Carl B. Schmidt
Carl B. Schmidt:
Received his undergraduate degree with honors from Stanford University and his masters and doctoral degrees from Harvard University. His principal teachers were Putnam Aldrich, John Ward, Nino Pirrotta, and Nadia Boulanger (at Fontainebleau). He has written extensively on seventeenth-century Italian and French opera and ballet (notably Lully), on Georges Auric and Francis Poulenc, and is currently researching the 20th century American composer Randall Thompson and the history of the Handel Choir of Baltimore. His research and reviews have been published in numerous American and foreign journals including Journal of the American Musicological Society, Rivista Italiana di Musicologia, Music Library Association Notes, Musical Quarterly, Harvard Library Bulletin, Journal of Musicology, Dix-septiпїЅme siпїЅcle, пїЅRecherchesпїЅ sur la Musique franпїЅaise classique, and Current Musicology, among others.
Schmidt has directed a college glee club on a seven-week/eight-country European tour, narrated PoulencпїЅs LпїЅHistoire de Babar le petit elephant, in various concerts, and given lecture/recitals including several with mezzo-soprano Leneida Crawford and pianist Susan Ricci. In January 2013 he read a paper entitled пїЅLa method de composition de Francs Poulenc пїЅ travers ses brouillonsпїЅ at the international Poulenc Colloquium at the Conservatoire national supпїЅrieur de musique et de danse in Paris.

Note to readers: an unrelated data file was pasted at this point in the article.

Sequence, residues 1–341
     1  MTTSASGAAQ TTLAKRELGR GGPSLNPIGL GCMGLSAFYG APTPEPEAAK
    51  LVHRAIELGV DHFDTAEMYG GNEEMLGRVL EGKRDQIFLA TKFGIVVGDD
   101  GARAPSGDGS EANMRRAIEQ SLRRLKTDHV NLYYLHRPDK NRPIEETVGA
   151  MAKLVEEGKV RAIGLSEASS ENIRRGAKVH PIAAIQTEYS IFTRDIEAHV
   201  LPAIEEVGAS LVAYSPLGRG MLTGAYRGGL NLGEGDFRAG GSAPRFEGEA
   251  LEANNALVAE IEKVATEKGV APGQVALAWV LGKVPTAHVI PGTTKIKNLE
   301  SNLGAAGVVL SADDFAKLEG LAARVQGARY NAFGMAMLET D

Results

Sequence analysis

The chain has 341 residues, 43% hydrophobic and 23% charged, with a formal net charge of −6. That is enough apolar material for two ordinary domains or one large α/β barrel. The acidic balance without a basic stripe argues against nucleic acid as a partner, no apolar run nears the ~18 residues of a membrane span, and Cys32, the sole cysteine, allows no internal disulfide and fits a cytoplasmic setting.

A former Chairperson of the Towson University Department of Music, Schmidt teaches survey courses for non-majors and upper-division history classes for music majors including specialty courses on Serge DiaghilevпїЅs Ballets Russes, the Arts in Paris, Igor Stravinsky, Symphonic Literature, and Vocal Literature. He lectures widely in the Philadelphia-Baltimore-Washington area, serves on the Board of Directors of The Handel Choir of Baltimore, and has been the recipient of significant grants from various universities, the American Council of Learned Societies, The National Endowment for the Humanities, and of a Harvard University Houghton Library Visiting Fellowship.